A 100 years ago today, two small towns in Idaho were buried under the snow. But in Viborg the snow no longer was the problem. Overnight it had changed to rain, and the championship track had been transformed from skating track to swimming pool. The track was laid in the harbour, and the tall heaps of snow on all sides gave the water nowhere to escape. In one curve the level was more than ankle high.
Many spectators still had turned up to watch this world event, and the organisers had the choice of either cancelling the meet and pay back the ticket money, or let it go on under the present circumstances. No difficult choice to make. Soon the 1500m was under way in parodical style. No time under 3 minutes was registered, and the world record holder had no chance in his best distance. The winner was the lightweight Johansen, with the almost equally lightweight Strunnikov in 2nd place.
1.Magnus Johansen 3.03,4 2.Nikolaj Strunnikov 3.05,0 3.Martin Sæterhaug 3.06,2 4.Björn Damstén 3.07,0 pb 5.Oscar Mathisen 3.08,8 6.Väinö Wickström 3.11,2 7.Johan Vikander 3.11,6 8.Nikolaj Rundjaltsev 3.15,0 pb 9.Birger Carlssom 3.20,0 10.Antti Wiklund 3.20,8 11.Jevgenij Burnov 3.21,0 12.Alexander Bäckström 3.23,0 13.Ejnar Sørensen 3.25,0 14.Thomas Bohrer 3.26,4 15.Grigorij Kiselev 3.26,6 16.T Hagman 3.30,0 pb 17.Franz F Wathén 3.30,4 Stepan Nekrasov f, dnf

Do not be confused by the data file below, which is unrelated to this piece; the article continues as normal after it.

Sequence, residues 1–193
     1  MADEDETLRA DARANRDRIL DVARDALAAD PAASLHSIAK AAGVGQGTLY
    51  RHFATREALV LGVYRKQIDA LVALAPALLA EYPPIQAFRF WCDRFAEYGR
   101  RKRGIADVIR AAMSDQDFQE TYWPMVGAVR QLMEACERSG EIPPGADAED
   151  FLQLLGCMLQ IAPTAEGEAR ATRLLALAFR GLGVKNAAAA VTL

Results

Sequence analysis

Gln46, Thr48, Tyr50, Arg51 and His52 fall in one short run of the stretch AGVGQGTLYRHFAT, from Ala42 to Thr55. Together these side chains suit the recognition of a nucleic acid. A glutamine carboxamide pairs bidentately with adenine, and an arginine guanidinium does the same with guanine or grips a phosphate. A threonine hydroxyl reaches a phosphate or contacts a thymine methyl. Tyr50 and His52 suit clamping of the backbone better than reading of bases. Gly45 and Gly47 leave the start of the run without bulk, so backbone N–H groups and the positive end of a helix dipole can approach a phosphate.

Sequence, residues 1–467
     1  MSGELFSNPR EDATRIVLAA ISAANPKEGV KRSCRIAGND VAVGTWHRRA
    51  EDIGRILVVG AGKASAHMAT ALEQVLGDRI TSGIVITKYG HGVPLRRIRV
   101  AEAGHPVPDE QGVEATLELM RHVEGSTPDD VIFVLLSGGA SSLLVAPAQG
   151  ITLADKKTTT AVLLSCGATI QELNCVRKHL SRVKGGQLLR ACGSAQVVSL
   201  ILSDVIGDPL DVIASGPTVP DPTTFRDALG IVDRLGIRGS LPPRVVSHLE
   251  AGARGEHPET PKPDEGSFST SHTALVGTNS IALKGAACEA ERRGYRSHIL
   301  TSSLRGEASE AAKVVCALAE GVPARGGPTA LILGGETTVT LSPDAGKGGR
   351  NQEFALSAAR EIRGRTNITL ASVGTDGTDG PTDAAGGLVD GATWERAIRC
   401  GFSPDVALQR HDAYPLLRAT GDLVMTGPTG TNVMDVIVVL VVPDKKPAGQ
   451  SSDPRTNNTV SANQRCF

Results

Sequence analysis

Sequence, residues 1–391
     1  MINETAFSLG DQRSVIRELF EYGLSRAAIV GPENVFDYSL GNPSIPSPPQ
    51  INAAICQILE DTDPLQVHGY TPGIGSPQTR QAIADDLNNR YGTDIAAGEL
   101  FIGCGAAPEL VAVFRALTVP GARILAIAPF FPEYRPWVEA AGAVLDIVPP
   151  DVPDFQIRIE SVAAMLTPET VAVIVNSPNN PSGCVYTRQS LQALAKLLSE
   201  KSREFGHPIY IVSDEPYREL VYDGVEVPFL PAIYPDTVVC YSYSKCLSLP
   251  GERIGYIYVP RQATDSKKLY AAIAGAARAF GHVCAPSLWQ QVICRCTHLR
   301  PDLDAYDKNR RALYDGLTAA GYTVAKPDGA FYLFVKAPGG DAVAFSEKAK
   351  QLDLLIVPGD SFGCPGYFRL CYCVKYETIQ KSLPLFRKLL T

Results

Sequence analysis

1.Strunnikov 5 2.Mathisen 9 3.Johansen 12,5 4.Sæterhaug 13,5 5.Vikander and Damstén 18 7.Wickström 19 8.Wiklund 27 9.Rundjaltsev 30 10.Bohrer 31 11.Carlsson 32 12.Burnov 33,5 13.Wathén 37 14.Bäckström 40 15.Sørensen 40,5 16.Kiselev 45,5 17.Hagman 47,5
Never before or since has speedskating sunk as low as in the 10000m at this championship. Of the 14 bothering to start, 5 gave up along the way. Martin Sæterhaug with 28.05,4 had the poorest time of those who completed the distance. Imagine enduring this stuff for close to half an hour! But you need big bullets for a Trønder, as we all know. Again Johansen won the distance, finishing more than two minutes ahead of Oscar, and nearly 40 seconds ahead of the Russian, who won the championship accordingly. It could have been Johansen’s but for those 1.6 seconds in the 5000m yesterday.
1.Johansen 24.04,0 2.Strunnikov 24.42,8 3.Burnov 24.59,8 4.Wickström 25.19,2 5.Nekrasov 25.35,4 pb 6.Damstén 26.08,2 pb 7.Mathisen 26.09,6 8.Bohrer 26.57,8 9.Sæterhaug 28.05,4 Rundjaltsev, Carlsson, Wathén, Kiselev og Hagman dnf
1.Strunnikov 7 2.Johansen 11 3.Mathisen 15 4.Sæterhaug 19 5.Wickström 20 (39.32,0) 6.Damstén 20 (40.26,2) 7.Burnov 25 8.Bohrer 28
Of the participants this weekend, Rundjaltsev, Nekrasov and Hagman (relation to Larry?) have no known former results, and Damstén only has results in the 500 and 5000 meters. They probably do have better results than the ones I have marked as pbs here, but what else can I do when they aren’t known? Damstén fulfilled his first combination, and enters Adelskalenderen in 214th place.
Again the Finns are statists, though, and they seem to experience some kind of crisis. From 1909 as well as 1910 there are almost no known inland results before they start appearing internationally, and this latter year they only held a rather hurried national championship the last two days before the European one. Seems somewhat disorganised, really.